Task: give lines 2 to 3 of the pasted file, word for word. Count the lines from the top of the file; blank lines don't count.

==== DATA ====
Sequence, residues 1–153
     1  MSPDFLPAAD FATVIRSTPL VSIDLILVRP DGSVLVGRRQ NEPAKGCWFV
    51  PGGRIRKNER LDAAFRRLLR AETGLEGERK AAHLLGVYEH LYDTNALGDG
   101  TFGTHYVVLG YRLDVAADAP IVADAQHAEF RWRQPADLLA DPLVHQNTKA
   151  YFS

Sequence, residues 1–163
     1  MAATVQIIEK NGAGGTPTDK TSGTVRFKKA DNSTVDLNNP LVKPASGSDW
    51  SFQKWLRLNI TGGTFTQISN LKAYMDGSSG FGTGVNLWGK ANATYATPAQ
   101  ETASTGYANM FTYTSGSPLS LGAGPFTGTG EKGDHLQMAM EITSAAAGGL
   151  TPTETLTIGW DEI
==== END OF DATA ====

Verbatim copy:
     1  MSPDFLPAAD FATVIRSTPL VSIDLILVRP DGSVLVGRRQ NEPAKGCWFV
    51  PGGRIRKNER LDAAFRRLLR AETGLEGERK AAHLLGVYEH LYDTNALGDG